Sheila Grove

ERIE, PA. — What began with a puzzling experience for a student at Mercyhurst Prep School in Erie ended up launching a program now celebrating 20 years of good works.

Illan Carranza, Brigid Ochalek and Deacon Matthew
Ochalek preparing to "Feed the Hungry"
Photo/Sheila Grove

As MPS President Ed Curtin tells the story, student Chris Stadler was eating his lunch in downtown Erie when he felt inspired to offer his sandwich to someone who appeared to be in need. The offer was declined.

Confused by the experience, Stadler brought up the incident with his English teacher, Terry Healy, who surmised it was possible the man did not want to deprive Stadler of his lunch. Healy suggested Stadler take extra sandwiches the next time he planned to have lunch in Perry Square.   

Stadler not only accepted the suggestion, but recruited a few friends to do the same. They shared their sandwiches and company with those who accepted them. The awareness of the need and the dignity of those who have need, prompted Stadler and his friends to begin what is now known as Feed the Hungry.”  

With the help of Nancy Zimmerman, then service coordinator, the students arranged to provide a hot Sunday meal once a month for the guests of the Upper Room of Erie located at St. Paul’s United Church of Christ on Peach Street. They raised money to purchase food, prepared the meal at MPS and served it at St. Paul's. Kerry Sedelmeyer, guidance counselor, offered her assistance and continues to be actively involved. Deacon Matthew Ochalek, who is now Mercyhurst’s chaplain and theology department chair in addition to his long-time role as theology teacher, assumed the coordinator and faculty moderator duties upon Zimmerman’s retirement.  

On the second Sunday of each month, Deacon Ochalek purchases the food and then relies on Sedelmeyer, a core group of students and a steady stream of additional student volunteers to help prepare the meal, deliver it to St. Paul's and serve anywhere from 60-100 guests. After their hearty meal, guests are offered peanut butter and jelly sandwiches to take with them. Metz the school’s food service provider donates and prepares holiday turkeys. Any leftover food is donated to the Erie City Mission.    

Ochalek and Sedelmeyer both expressed profound respect for the level of commitment the students have demonstrated and how generously donations are offered throughout the year. In addition, jeans day fundraisers at MPS rise to a greater level of significance when students know that Feed the Hungry is the beneficiary.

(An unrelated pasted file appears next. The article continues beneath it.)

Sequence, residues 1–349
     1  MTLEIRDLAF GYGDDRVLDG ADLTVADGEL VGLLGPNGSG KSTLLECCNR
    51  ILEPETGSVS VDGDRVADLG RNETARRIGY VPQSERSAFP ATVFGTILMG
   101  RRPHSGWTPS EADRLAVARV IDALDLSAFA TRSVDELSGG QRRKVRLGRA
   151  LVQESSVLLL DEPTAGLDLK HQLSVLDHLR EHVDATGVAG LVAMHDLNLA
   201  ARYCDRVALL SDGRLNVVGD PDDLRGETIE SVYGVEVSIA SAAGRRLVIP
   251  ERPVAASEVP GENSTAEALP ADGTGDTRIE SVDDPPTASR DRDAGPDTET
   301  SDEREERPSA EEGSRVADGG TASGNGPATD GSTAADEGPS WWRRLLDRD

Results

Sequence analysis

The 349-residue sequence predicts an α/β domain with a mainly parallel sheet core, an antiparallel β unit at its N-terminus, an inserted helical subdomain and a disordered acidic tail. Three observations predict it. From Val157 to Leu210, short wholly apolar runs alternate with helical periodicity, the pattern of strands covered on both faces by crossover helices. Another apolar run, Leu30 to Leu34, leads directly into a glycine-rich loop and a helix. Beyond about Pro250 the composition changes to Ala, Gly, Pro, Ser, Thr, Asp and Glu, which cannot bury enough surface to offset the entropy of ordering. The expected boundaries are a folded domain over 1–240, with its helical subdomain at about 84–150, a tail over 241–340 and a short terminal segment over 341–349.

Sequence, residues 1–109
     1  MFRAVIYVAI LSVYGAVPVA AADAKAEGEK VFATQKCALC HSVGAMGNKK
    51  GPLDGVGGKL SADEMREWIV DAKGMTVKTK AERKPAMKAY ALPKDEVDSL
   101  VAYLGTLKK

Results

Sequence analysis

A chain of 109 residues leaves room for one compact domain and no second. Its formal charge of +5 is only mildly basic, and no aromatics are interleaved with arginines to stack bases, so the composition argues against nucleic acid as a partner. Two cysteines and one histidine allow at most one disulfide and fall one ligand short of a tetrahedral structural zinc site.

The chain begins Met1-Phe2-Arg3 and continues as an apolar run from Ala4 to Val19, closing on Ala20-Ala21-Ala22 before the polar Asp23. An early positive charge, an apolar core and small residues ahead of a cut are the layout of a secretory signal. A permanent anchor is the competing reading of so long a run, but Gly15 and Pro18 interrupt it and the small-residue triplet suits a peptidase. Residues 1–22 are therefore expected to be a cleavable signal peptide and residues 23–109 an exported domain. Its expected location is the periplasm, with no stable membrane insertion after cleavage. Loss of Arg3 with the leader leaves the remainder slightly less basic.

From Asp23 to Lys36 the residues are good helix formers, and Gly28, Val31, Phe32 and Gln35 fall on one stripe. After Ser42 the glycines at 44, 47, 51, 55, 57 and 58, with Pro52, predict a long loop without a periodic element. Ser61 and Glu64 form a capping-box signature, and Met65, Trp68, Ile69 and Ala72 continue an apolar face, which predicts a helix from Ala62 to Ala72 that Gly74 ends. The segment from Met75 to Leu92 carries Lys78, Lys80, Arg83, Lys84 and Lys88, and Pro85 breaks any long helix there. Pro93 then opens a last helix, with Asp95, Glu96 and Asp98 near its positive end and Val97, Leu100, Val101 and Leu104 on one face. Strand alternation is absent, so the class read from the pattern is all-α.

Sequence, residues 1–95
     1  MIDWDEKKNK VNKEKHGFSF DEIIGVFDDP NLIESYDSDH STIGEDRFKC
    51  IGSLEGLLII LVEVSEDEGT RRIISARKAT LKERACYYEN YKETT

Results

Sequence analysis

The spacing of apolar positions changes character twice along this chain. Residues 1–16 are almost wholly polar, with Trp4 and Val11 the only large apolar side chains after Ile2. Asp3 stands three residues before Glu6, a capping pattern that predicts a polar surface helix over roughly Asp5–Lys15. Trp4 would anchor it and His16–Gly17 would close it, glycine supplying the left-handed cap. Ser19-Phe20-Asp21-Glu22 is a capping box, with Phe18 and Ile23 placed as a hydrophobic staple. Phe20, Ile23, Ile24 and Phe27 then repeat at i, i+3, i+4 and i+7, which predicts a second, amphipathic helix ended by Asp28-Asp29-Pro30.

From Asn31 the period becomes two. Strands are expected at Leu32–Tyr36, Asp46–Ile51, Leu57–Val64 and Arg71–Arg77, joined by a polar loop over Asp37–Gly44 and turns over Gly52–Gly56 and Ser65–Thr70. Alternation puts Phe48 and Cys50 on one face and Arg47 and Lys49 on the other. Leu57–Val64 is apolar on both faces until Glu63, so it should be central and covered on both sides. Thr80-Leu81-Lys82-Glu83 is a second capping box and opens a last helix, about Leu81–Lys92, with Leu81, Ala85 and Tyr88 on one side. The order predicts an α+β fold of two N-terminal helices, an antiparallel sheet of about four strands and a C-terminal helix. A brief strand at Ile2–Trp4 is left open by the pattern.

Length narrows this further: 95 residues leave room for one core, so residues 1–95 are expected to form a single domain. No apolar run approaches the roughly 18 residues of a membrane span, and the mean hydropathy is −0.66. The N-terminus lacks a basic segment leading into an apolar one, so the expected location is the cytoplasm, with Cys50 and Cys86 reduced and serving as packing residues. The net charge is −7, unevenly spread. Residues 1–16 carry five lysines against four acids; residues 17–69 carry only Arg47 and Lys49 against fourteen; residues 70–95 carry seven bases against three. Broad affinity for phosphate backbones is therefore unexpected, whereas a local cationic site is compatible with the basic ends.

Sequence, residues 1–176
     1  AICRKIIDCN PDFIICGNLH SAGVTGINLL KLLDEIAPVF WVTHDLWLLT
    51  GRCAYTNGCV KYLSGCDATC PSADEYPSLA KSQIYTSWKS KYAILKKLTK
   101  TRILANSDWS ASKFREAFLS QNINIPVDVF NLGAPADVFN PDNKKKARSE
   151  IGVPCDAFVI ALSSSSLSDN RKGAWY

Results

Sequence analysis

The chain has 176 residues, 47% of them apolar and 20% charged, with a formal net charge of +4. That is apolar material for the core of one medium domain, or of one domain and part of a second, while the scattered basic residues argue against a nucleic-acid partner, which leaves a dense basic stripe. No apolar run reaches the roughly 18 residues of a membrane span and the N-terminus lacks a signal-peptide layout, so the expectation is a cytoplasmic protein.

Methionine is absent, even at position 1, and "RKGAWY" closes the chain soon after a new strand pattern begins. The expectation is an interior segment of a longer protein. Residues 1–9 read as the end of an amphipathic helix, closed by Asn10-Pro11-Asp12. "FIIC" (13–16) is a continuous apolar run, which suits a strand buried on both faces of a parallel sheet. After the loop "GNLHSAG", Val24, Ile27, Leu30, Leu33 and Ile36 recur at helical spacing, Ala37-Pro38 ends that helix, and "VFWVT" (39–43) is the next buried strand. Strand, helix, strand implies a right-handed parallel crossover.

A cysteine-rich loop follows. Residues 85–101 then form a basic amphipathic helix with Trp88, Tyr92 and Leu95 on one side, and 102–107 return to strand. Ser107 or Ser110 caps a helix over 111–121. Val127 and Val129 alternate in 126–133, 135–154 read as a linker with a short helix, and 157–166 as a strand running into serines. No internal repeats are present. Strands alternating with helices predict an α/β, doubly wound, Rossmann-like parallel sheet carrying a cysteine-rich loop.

Nikita Krasilnikov prepares sandwiches "to go"
for guests to take with them after their meal.
Photo/Sheila Grove

That students are more than fulfilling service requirements is evident.  They are engaged. They interact well and freely with their dinner guests, and maintain significant responsibilities and commitment. MPS has many international students who benefit from adding this and other service opportunities to their American experience.   

 Senior Nikita Krasilnikov shared, “I always come help, even if I don’t need service hours. I love the atmosphere. I feel it is very important to do such projects because in my country, Russia, we don’t do it. Here we talk to people who don’t have homes and give them support. I am happy that at least I can participate while in America.” 

 I love to help the community,” reflected senior, Illan Carranza.This is one of the best ways I have found to interact with people. There is nothing better than cooking food and giving it to people and seeing them smile.  

As students in a Mercy School, they are well versed in the Mercy charisms espoused by the founder of the Sisters of Mercy, Catherine McAuley. The Mercy charism core values: compassionate presence, justice, service, hospitality and concern for the dignity of all persons, permeate the school community and the curriculum.

Junior Teresa Zou takes these values seriously. “I am not Catholic, but I take theology classes on Catholic beliefs. This service corresponds to the critical concerns of Mercy. It is important to participate and help others.   

Referencing the significant commitment that each member of the team has made to this ongoing project, Ochalek reflected, “I don’t know how we could call ourselves a Mercy school if we didn’t do something like this.

Teresa Zou shares sandwich duty.
Photo/Sheila Grove